This is why frameworks matter. Go pick one.

(The author is highly biased as the maintainer of one such framework)


Don’t Be a Bully

I don’t know Brendan Eich. I don’t know much about him other than (1) Mr. Eich created JavaScript and (2) made a contribution to support proposition 8, aimed at taking away the right of gay couples to marry in California and voiding the marriages already taken place, including my own.

When the news about Brendan Eich’s contribution became public a couple years ago, the reaction within my community – the web development community – was pretty strong and one sided, deriding and marginalizing him. Brendan Eich didn’t do himself much favor with a blog post full of grand standing and lack of empathy. I did agree with his basic argument though.

Being a bully is never a productive strategy. It might be satisfying but it is counterproductive and shows the same lack of empathy that is at the root of the issue on the other side. If you limit your social and business circles to people who only share your exact social ideal, you are actually taking part in sustaining the status quo. There is nothing more powerful than an open dialog.

With his appointment to Mozilla CEO this week, the story got resurrected and many people I love and admire expressed their disagreement with the promotion solely on the base of his contribution. This is unfair. From all accounts, Mr. Eich has never applied his (assumed) personal belief to his work or to others, and pretty much everyone who chimed in has no real first-hand experience with Mr. Eich.

I don’t participate in parades or demonstrations. I am not very active beyond voting and making political contributions. But I am confident that by living my life in the open, by engaging those around me, I am making a positive impact on the lives of other gay people. I constantly invite my friends and coworkers to my house for dinner with their family, exposing them to what is often their first same sex family experience. I seek people and share my personal experiences, explaining why their positions are hurtful.

I strongly disagree with the claim that one can donate or vote to something like proposition 8, and be ignorance-free, hate-free, or bigotry-free. Try walk a mile in the shoes of most gay people, especially during their teen years in a society that still sucks today with its treatment of gay people and tell me you still stand behind that claim. But that’s also my point – it is very much my responsibility to share my feelings and experience with those who disagree with me in hope of seeding this understanding.

It is sad how many people lack true, actionable empathy for people who are still today being beaten, abused, derided, mocked, disowned, dismissed as an abomination, lynched, or executed. That even those who support gay rights are not sufficiently open minded about the wide range of gender expression that doesn’t fit their norms.

Instead of posting comments on Twitter aimed at specific individuals, consider sending those you disagree with an email explaining to them in  personal tones how their actions hurt you and impact your life. There is nothing more powerful than a personal interaction to change minds. I’m not saying you can change everyone’s mind, or that everyone would be open to engage, but you should at least try.

You don’t get to take the moral high ground unless you actually climb there first.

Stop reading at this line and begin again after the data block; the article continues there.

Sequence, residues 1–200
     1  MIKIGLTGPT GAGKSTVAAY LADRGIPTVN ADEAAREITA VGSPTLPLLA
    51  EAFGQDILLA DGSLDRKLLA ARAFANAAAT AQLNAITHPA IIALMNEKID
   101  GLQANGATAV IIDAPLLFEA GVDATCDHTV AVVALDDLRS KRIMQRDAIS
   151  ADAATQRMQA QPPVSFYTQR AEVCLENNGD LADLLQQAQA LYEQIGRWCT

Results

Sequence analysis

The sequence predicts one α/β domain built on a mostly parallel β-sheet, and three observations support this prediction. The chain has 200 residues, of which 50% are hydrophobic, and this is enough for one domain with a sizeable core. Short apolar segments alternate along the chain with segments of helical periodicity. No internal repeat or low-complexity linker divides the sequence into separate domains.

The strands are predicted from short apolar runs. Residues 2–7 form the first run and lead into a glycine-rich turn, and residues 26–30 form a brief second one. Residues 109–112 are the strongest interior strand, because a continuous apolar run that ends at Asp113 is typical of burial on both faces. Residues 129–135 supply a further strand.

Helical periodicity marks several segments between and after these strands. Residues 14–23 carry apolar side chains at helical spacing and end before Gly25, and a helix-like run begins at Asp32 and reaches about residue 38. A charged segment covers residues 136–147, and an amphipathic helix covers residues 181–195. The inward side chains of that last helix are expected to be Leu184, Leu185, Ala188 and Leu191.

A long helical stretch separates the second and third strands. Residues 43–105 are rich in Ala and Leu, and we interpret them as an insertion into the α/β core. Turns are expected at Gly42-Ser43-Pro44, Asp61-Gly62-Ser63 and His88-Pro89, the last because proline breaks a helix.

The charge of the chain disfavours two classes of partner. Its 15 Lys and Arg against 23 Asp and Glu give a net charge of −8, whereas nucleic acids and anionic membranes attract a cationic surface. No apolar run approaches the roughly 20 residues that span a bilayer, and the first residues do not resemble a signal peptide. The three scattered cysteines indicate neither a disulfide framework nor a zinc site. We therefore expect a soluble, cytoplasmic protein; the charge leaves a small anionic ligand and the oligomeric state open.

On Being (Mentally) Well

tl;dr – 1 in 4 people suffer from a mental disorder. If you feel depressed, anxious, or otherwise unhappy for more than a few days, please reach out to a friend, a family member, or a professional. If you feel alone or isolated, know that you are very much in good company with almost 60 million others (in the US alone). You might be surprised to know that many of your friends are (or have been) in therapy or use medication to help with their mental health. Regardless, educate yourself about mental health and make it known to your friends and family that seeking help is a sign of strength and that you are there for them. Please reach out today.

The past few weeks have been a sad and frustrating reminder of the painful toll depression and other mental disorders take. Right before New Year’s, our bay area community lost Conor Fahey-Latrope, a talented C++ developer. A few days later, Luke Arduini, a prominent node.js developer went missing. Sadly, they were not the only ones.

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Speakers Creativity Budget

Node in the enterprise

TL;DR – if you are producing a conference, please offer your speakers a ‘creativity budget’ to make their presentations better.

I’m been a public speaker for a while. I derive great pleasure from speaking to a live audience, big or small. While preparing for and then delivering a talk takes huge amount of my time and energy, I keep accepting more speaking opportunities because it forces me to push the envelope on my craft. That is, my engineering, creative craft.

I set very high standard for myself (which I usually fall short of, but isn’t that the point?) which include:


  • Talks should be entertaining first, educating second
  • Slides and props are meant to delight and excite, not document or narrate
  • Never repeat a talk (training sessions excluded)

For the same reason I believe most developers should not do design, I contract the artwork for my presentations. Over the past few years, I’ve enjoyed a fantastic artistic collaboration with Chris Carrasco who has created all the artwork used in my presentations. I have also learned to rely on props and other costly production elements. These all play a significant role in enhancing my talks.

They also cost money.


Most of my talks this year cost around $500 to produce. Some much more.